But what about the film itself, you ask? Happy to oblige! Damascus,in the time of the Arabian Nights. A contest has been announced to suitors far and wide to see who is worthy of wedding the beautiful Jamila (Rossana Podesta) and becoming the next Sultan. This contest takes place before the entire assembled populace of the city and consists of proving one's worth by mastering Allah's gift to the Sultan: an ebony bow and a magical golden arrow, which when shot, always returns to its master. Only one who is chosen by Allah himself as the rightful heir may pull back the bow and shoot the arrow. Three Princes arrive to partake in the contest, and all three fail. Just as well, as Jamila has no interest in any of the three.
  
    Disguised in the crowd is the bandit leader Hassan (Tab Hunter ... I TOLD you this was a fantasy film!) - he and his crew have arranged themselves among the crowd for some quick thievery, but not before he plays out his most daring scheme. Doffing their nondescript robes,  they follow Hassan as he presents himself to the Sultan, begging forgiveness for his late arrival and calling himself the Prince of the Island of Fire. Jamila is instantly smitten with him, and the Sultan graciously allows him to compete. Of course, the first three Princes have no luck even bending the bow: when Hassan steps up, the bow bends (to his astonishment) and the arrow flies true to the target. As the crowd watches in awe, the arrow disappears from the target and flies back to Hassan's outstretched hand!   
                                                   
     His bandits see this as a sign to attack and begin an all-out rout of the Princes and the populace, stealing everything not nailed down ... including the Princess. During this time, the Golden Arrow (with a mind of it's own) shoots out of the bow and flies off into the distance, refusing to return. Off the bandits ride to their oasis to discuss if the Princess is pretty and how much ransom she will be worth. Hassan replies that looks do not matter - the Sultan will pay any cost to have her back, just for her title alone. He goes into her tent and confronts the furious Princess, who has slapped a thief who has taken her veil. All thoughts of ransom go out the tent flap as he is awed by her beauty. He forbids any more talk of ransom from his confused men, and in the cover of night, sneaks away with Jamila by horseback to take her back to the city.

     His men awaken and pursue, but are thwarted by a party of soldiers out looking for the Princess. She has seen the kind of man Hassan could be and falls in love with him. As they near the city, Hassan escorts Jamila to the gate, buying her water and a rose to remember him by ... and using her own ring as payment! Re-watching this as an adult, I could not help but notice that after the bandit steals Jamila's veil, she NEVER goes veiled again for the rest of the film, walking through the city of Damascus without ANY head covering ... and showing some cleavage, as well! Dramatic licence to show off Rossana Podesta's charms, to be sure ... but still rather jarring, especially as this film was shot on location in a number of places (more on that later) and EVERY OTHER FEMALE is covered up! Princess or no Princess, she would not have gotten away with such brazenness without punishment. But back to the film ... A guard recognizes the ring and sounds the alarm - the soldiers rush to the market and Hassan, the love-stricken dope, walks right into their trap and is promptly taken to the dungeon. Jamila, now hopelessly smitten, doesn't care that he's not a Prince or anything else about his past ...she just knows she's in love with him and prays that night to Allah with all her heart to spare her beloved.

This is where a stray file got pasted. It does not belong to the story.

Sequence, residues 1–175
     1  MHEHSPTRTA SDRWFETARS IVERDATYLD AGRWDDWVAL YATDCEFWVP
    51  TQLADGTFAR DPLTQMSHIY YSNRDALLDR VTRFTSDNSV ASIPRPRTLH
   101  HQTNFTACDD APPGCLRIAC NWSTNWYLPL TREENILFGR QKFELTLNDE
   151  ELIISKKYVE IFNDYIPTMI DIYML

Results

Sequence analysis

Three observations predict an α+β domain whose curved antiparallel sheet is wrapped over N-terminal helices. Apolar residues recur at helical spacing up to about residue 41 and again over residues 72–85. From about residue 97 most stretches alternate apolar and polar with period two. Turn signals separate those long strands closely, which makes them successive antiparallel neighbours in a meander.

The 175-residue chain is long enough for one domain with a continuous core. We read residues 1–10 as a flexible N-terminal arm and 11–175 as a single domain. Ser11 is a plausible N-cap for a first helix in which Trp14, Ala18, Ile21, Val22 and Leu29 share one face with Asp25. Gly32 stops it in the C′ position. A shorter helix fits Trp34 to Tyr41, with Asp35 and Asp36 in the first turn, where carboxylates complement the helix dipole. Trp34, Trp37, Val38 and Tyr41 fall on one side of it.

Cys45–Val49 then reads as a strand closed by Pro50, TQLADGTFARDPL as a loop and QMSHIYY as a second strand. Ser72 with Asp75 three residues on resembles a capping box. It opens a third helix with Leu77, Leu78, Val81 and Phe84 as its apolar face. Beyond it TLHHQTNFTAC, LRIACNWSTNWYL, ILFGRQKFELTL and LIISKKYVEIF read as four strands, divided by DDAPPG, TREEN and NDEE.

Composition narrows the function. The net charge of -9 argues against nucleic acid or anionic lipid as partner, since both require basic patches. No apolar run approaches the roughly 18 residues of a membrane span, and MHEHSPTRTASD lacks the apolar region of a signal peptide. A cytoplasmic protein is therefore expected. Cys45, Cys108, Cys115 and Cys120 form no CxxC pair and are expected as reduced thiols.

Allah responds by sending her three genies - they go to the dungeon and save Hassan from his demise (a watery pit that fills to the floor level where he is chained, bringing up with the water hungry crocodiles). They also inform him that he is the TRUE Prince of Damascus, which is why Allah alowed him to pull the bow and release the arrow. We find out that Hassan's father, the earlier Sultan, had been murdered and the infant Hassan placed with the bandits to hide him and save his life. The genies agree to help Hassan regain his throne, but he MUST forego all his previous thieving ways and lead a good life to get their assistance.  They also explain that when Hassan tried to rob the people at the beginning of the film, the Golden Arrow rebelled at this base act and fled "to the top of the mountain where the Sun is born". So on top of all his other trials and tribulations, he must now retrieve the Arrow, as well.

     He readily agrees, then instantly scampers up the balcony to find Jamila and pick up the kissing that he left off of at the gate. The genies are having none of that foolishness and tell him to get his rear in gear or his trials will be harsh. Sending them away, he keeps making time with Jamila when the head genie, now totally cheesed off, tells him his first trial will be that of disobedience. With that, they disappear, leaving him to outwit and escape the castle guards and the city by himself.

Jamila, showing a LOT more sense than Hassan throughout the film, delays her arranged marriage by assembling the three Princes and announcing that since they all failed the Golden Arrow test, she was going to give them a second challenge ... each of them would have one month to bring back the most beautiful gift in the world as a wedding gift. The one who has the best gift is the one she will wed. We all know better, though, and it gives Hassan one month to finish his quest.